September 9, 2009 9:56:00 AM
Kristin Mamrack -
The Lowndes County Board of Supervisors Tuesday voted 3-2 to designate Burns Bottom property as the preferred site for a proposed six-field soccer complex.
Board President and District 1 Supervisor Harry Sanders, who called for more concrete action in a vote to purchase the property, and District 3 Supervisor John Holliman voted against the motion, made by District 5 Supervisor Leroy Brooks.
Sanders originally motioned the supervisors vote to purchase the property, contingent upon execution of the options of 31 property owners in the Burns Bottom area and a contribution from the city of Columbus -- through in-kind contributions and donation of city-owned land -- "equal to the county''s contribution."
"I don''t think it''s fair to ask 31 property owners to tie up their property (in options) for a year," he said, asking the board to take specific action regarding purchase of the property. "The Board of Supervisors hasn''t voted on where (we want to put the complex). That''s a reflection on the indecision of the Board of Supervisors.
"We need to jump in there and do something," he added, suggesting the county could, in part, finance the project with money allotted for a previous bond issued to fund construction at the Lowndes County jail; the bond is scheduled to be paid off in about 15 months.
Sanders also noted city officials, in "informal discussions," said the city would shoulder its share of the financial obligations.
But Brooks noted unanswered questions regarding the financing of the project and a proposed timeline for completion of the sportsplex and made a substitute motion the board "designate Burns Bottom as the site to build the soccer complex" and meet with city and Columbus-Lowndes Recreation Authority officials to further discuss details on financing and construction.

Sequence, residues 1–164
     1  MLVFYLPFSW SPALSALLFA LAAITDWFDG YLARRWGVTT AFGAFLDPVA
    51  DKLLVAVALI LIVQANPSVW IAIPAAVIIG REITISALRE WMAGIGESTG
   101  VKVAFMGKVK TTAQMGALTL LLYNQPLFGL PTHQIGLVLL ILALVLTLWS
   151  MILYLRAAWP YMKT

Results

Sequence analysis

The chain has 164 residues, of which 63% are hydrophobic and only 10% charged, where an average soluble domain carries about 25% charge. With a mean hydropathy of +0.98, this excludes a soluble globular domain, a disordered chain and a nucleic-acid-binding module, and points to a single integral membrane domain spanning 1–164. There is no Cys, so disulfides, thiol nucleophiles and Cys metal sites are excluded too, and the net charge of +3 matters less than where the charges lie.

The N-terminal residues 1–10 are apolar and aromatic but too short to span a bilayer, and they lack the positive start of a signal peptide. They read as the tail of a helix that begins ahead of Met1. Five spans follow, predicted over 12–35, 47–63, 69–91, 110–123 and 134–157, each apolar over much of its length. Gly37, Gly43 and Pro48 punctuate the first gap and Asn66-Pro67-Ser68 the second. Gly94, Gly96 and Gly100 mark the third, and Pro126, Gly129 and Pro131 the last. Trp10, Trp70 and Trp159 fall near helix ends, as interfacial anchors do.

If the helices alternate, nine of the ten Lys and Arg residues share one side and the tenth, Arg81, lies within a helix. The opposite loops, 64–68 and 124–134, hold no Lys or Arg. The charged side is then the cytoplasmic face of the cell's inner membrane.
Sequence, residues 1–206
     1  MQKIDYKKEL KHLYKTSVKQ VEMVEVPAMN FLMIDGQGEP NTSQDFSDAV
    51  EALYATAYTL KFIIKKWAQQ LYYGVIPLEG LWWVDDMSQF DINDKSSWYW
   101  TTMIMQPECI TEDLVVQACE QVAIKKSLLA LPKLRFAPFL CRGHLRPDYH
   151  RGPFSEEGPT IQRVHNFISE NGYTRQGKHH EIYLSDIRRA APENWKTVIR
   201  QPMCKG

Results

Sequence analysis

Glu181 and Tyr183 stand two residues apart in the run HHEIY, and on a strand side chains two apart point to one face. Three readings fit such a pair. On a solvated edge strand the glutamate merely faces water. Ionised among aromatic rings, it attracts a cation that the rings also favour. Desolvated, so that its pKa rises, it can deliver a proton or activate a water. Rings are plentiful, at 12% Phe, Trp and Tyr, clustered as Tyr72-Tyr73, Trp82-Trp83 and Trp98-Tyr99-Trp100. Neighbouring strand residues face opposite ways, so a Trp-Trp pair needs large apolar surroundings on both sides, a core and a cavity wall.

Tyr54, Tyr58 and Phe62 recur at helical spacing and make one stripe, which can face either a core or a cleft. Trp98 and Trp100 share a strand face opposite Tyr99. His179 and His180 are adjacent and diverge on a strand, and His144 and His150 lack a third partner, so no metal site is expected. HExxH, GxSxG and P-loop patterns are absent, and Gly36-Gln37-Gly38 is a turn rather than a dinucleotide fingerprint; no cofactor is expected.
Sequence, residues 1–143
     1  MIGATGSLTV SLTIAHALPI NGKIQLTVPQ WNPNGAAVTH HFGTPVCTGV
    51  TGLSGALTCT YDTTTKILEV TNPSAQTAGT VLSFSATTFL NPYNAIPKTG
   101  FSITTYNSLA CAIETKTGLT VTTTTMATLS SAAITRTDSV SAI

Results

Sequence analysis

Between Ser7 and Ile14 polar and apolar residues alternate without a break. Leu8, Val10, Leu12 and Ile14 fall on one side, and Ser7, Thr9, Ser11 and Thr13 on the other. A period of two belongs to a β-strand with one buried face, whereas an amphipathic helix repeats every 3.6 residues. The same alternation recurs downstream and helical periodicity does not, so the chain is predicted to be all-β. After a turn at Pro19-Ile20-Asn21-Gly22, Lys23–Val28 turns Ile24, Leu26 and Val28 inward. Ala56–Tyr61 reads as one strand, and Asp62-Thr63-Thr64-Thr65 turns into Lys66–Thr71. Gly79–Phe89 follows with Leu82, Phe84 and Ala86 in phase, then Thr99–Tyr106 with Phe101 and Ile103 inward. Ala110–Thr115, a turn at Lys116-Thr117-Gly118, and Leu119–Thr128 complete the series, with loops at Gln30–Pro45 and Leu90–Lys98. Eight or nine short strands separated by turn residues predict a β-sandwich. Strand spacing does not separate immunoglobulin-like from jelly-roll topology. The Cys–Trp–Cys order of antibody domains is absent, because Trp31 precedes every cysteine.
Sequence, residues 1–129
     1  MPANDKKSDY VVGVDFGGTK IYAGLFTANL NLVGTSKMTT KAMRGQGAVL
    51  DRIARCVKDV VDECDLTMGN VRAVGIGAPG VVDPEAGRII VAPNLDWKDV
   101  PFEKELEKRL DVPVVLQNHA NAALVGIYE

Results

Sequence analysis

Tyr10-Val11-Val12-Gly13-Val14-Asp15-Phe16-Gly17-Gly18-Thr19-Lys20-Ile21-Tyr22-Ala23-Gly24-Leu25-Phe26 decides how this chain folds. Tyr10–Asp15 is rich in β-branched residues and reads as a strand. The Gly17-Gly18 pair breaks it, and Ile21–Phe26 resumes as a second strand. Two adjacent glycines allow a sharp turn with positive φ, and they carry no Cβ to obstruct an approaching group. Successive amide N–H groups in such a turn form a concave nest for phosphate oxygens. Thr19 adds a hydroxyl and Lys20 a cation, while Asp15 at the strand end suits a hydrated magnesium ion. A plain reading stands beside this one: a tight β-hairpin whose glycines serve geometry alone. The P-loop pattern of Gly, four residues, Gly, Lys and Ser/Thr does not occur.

"The best way to clear up what the city wants is let''s meet with them," he said.
Columbus Mayor Robert Smith attended the meeting and spoke, as mayor, not as a representative of the City Council.
"My support is 120 percent for the Burns Bottom property," he said, noting the city owns 11 acres of Burns Bottom property. "I can''t speak for the council, but, as far as my vote, if it comes to a tie, you can count on my vote 120 percent."
"I have no real problem with the city, but they''re lacking some of the money up front," Brooks said.
"I don''t think anyone in this room is opposed to Burns Bottom," said District 4 Supervisor Jeff Smith, noting a meeting between the relevant groups would be beneficial. "Financial obligations is the biggest discussion. After we purchase the property, what happens? What''s the timetable?
"Burns Bottom is a no-brainer," he continued. "I think what we talk about, at this point, is finances. There''s not been enough dialogue to make everyone comfortable."
"I think we''re all headed in the same direction," said Holliman, noting a necessity for more meetings.
"I''m for the Burns Bottom soccer complex, but there are too many unanswered questions," Brooks said, asking the City Council pass a resolution of its intent to donate property and contribute to the project, then for a joint meeting between the council, the supervisors and the CLRA board of directors.
The City Council is expected to address the issue during its regularly scheduled meeting Sept. 15.
A public meeting between the council, supervisors and CLRA is scheduled for Sept. 17 at 9 a.m. in the Columbus Municipal Complex.
In June, the Board of Supervisors authorized Columbus-Lowndes Development Link officials to seek property options from the 31 Burns Bottom landowners; Link officials earlier said all the landowners agreed to sell their property.
The total appraisal for the 70-acre Burns Bottom property came to about $288,000, Sanders previously said.